According to the National Institutes of Health (NIH), nearly 12,000 babies are born each year in the United States with a hearing impairment. It is estimated that serious hearing loss occurs in about two to three of every 1,000 newborns. Without screening or testing, hearing loss may not be noticed until the baby is more than one year old. The average age of diagnosis is between 12 and 25 months old. If hearing loss is not detected until later years, there will not be stimulation of the brain's hearing centers. This can affect the maturation and development of hearing, and can delay speech and language. Social and emotional development and success in school may also be affected.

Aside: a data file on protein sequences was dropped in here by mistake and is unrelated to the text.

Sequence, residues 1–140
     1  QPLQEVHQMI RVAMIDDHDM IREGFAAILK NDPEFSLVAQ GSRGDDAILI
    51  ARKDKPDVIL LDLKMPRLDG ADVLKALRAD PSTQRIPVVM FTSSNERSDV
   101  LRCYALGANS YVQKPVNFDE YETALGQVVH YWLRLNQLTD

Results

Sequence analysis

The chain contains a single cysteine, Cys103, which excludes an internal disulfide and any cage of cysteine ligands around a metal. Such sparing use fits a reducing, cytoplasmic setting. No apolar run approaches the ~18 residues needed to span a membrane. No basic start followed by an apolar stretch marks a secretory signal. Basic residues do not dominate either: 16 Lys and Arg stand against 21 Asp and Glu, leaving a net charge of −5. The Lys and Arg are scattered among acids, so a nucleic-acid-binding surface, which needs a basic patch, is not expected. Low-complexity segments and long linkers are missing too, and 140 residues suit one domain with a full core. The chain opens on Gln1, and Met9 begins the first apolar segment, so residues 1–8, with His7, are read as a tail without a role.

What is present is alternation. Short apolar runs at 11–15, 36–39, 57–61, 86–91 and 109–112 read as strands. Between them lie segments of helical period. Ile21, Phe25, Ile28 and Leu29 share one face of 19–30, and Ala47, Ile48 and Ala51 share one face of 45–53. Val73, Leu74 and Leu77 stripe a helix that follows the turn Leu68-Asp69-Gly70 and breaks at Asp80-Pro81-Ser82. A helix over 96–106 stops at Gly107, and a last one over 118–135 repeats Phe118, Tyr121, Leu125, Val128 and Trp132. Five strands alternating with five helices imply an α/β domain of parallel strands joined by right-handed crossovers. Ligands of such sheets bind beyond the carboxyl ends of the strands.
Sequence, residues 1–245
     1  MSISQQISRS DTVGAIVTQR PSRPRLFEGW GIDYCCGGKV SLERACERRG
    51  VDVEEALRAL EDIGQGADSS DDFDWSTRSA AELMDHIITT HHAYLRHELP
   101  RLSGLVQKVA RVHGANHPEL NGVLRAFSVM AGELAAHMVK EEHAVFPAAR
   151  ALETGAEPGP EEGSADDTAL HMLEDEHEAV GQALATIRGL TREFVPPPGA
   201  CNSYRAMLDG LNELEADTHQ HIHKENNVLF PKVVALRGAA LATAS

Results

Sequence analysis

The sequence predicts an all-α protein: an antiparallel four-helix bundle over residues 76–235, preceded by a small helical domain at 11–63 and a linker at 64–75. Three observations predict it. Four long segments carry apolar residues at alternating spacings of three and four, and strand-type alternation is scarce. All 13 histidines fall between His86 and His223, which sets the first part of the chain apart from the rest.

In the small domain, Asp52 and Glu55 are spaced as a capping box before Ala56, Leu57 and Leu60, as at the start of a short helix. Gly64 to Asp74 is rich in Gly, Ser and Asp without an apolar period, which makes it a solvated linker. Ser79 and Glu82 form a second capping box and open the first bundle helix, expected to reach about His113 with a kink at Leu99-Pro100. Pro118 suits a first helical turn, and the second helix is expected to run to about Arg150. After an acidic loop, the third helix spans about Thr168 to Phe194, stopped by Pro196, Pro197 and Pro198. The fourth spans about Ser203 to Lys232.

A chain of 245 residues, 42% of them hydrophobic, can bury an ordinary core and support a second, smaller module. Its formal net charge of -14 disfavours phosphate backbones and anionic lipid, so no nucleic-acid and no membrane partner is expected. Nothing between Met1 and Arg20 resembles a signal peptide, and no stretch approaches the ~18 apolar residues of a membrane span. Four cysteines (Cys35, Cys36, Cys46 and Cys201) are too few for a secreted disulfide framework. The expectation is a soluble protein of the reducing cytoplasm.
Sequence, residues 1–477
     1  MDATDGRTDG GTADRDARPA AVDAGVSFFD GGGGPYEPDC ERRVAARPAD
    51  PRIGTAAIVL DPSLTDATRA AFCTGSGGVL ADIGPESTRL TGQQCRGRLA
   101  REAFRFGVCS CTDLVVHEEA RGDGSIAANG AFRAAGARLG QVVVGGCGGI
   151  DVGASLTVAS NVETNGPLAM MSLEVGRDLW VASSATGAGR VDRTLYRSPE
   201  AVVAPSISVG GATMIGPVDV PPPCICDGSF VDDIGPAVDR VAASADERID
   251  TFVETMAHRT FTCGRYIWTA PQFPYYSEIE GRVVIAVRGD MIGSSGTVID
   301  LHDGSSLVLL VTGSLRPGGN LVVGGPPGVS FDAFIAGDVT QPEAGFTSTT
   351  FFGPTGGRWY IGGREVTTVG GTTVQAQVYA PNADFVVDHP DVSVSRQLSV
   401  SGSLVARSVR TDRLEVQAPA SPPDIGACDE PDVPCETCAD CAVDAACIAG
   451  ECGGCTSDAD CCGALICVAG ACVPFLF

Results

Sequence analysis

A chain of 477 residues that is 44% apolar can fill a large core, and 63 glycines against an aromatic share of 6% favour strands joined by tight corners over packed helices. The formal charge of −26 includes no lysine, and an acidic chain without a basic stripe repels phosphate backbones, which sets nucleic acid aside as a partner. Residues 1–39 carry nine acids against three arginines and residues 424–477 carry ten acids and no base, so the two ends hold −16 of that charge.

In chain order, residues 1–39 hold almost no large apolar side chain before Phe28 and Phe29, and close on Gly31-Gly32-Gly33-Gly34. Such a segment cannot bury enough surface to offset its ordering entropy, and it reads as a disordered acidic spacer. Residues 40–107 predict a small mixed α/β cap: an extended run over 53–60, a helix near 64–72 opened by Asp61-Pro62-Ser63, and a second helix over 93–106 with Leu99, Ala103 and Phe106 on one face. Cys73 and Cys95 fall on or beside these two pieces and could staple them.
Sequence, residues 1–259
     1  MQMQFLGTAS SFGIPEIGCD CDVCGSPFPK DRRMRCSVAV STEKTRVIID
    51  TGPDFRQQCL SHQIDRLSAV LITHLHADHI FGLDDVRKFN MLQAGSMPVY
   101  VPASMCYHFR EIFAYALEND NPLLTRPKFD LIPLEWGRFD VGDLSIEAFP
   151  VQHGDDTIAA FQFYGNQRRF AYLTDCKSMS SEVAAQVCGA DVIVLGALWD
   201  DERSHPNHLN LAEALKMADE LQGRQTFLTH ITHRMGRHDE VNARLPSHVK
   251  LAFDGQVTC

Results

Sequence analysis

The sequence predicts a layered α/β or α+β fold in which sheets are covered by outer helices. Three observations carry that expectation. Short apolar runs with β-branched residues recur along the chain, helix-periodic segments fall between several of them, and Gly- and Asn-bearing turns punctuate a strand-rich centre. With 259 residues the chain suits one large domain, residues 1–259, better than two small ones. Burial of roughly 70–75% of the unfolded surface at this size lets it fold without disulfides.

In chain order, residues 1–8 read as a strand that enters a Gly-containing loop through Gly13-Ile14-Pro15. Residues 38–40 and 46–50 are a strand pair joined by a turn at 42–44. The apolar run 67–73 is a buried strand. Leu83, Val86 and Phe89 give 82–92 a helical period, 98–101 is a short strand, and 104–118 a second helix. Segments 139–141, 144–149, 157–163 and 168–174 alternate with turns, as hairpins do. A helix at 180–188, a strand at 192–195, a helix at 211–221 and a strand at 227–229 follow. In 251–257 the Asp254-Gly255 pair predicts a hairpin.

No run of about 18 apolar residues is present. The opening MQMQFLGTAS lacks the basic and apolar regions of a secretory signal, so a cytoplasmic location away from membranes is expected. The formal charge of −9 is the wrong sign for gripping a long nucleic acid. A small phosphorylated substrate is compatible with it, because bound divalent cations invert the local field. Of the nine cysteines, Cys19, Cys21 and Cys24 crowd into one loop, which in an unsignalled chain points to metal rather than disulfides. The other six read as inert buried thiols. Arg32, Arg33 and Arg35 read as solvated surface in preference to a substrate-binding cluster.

Most hearing loss is congenital (present at birth), but some babies develop hearing loss after they are born. Hearing loss is more likely in premature babies and babies with respiratory problems who have required long-term use of breathing machines, those with previous infections, and those taking certain medications.
Because of these risks, many health organizations, including the NIH, the American Academy of Pediatrics, and the American Academy of Audiology, now recommend universal infant hearing screening. Today, nearly all newborns are screened for hearing loss, which allows earlier treatment to prevent delays in language and development.
Without newborn screening, the parents are often the first to detect hearing loss in their child. Unfortunately, many children with severe hearing loss from birth are not diagnosed until 2 1/2 or 3 years of age.
Hearing loss can be categorized by many different types. Two types of hearing loss are sensorineural and conductive. Both types of hearing loss can be congenital (present at birth) or acquired.
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